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New Delhi: Violating environmental laws and getting away with only fines would soon be a thing of the past as a high-level committee formed to review India’s green laws has recommended penal and criminal action against such defaulters.
The high-level committee (HLC), which was formed in August to review India’s six major environmental laws, submitted its report on Tuesday recommending a “major overhaul” of the environment sector of the country with a special focus on regulation of the sector, simplification of procedures, monitoring of green clearances given to industry and creation of new law for penalising those violating environmental laws.
In the nearly 100-page report, the four-member committee headed by former cabinet secretary TSR Subramanian has recommended a series of measures for the complete overhaul of the environment sector and has also given a 20-year vision for the sector. It suggests ways to end inspector raj in the environmental sector, bring in more transparency and cut down on delays in green clearances.
“Some of the measures suggested in the report are like bringing a new law whose one major focus relates to strict penal actions against those found violating environmental regulations. Creation of a national environmental sciences laboratory (on the lines of national forensics laboratory) is also one of the suggestions,” top sources of the union ministry of environment and forests told dna.
Sources said the report also talks about creation of a “National Environment Management Agency and a “National Environment Protection Agency”.
“Creation of an Indian Environmental Service on the lines of Indian Administrative Service or Indian Foreign Service is another major suggestion made in the report. It also suggest ways to end inspector raj in the environment regulation sector,” sources added.
Sources further explained that the committee basically tried to “strike a fine balance between environment protection and development as it felt that both are impossible without each other”.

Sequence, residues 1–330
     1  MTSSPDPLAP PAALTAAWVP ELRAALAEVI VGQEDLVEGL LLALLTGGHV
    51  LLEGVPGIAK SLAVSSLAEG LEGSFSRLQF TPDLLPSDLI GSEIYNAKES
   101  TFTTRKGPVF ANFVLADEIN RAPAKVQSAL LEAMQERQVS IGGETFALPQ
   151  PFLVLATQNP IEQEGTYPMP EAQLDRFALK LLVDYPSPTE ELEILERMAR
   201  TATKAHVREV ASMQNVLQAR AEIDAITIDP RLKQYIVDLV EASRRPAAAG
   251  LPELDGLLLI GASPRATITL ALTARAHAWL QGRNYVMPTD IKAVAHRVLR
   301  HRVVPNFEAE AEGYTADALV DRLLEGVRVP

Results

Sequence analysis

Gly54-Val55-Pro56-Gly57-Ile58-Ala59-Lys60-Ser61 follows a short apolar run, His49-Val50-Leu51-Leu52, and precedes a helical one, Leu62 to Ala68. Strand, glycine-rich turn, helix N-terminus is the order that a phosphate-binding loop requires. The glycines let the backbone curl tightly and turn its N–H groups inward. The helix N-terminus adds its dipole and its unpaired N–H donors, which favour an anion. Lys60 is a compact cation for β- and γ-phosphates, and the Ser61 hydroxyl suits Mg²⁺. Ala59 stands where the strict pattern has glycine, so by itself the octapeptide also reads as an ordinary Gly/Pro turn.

TSR Subramanian, who headed the HLC, also spoke to dna and confirmed that the report is talking about major changes in the rules and procedures to overhaul the environment sector.
“The report is basically giving a 20-year-plan for the environment sector. Report is talking about overall reforms in environmental sector, about improving forest cover in the country, about improving environmental clearance process, changes required in laws and rules amidst other things,” said Subramanian while adding that they have also suggested enactment of a new law.
“We have recommended a new law to strengthen monitoring and enforcement of green laws. We found that as of now the monitoring system is very weak and there is no deterrence. People violating green laws are not prosecuted and there is no punishment,” said Subramanian.
He further explained that their thrust was on better implementation and enforcement of environmental laws, proper monitoring, fixing responsibility of defaulters and punishment to those found violating such environmental laws.
HLC under chairmanship of Subramanian was formed on August 29 to “review and suggest amendments” in the six main environment laws of the country — Environment (Protection) Act, 1986, Forest (Conservation) Act, 1980, Wildlife (Protection) Act, 1972, the Water (Prevention and Control of Pollution) Act, 1974, the Air (Prevention and Control of Pollution) Act, 1981 and the Indian Forest Act 1927 — to bring them in line with current requirements.
The committee was asked to assess the status of implementation of the six Acts, to examine and take into account various court orders regarding these Acts, to recommend specific amendments needed in those six Acts to bring them in line with current requirements and to draft proposed amendments in each of the six Acts to give effect to the proposed recommendations.
The report was submitted to the environment minister Prakash Javadekar Tuesday afternoon who later clarified that the government would “take a final call on the HLC report within one month”.
“It is a historic achievement. We will analyse the report and soon decide on recommendations of the report ensuring both environment protection and conservation and development,” said Javadekar while adding that bringing in transparency and accountability, responsibility on the project proponents and avoiding delays in green clearances is a major part of this effort.
The environment minister Prakash Javadekar said that monitoring process which at present is near negligible would be taken to nearly 100 per cent.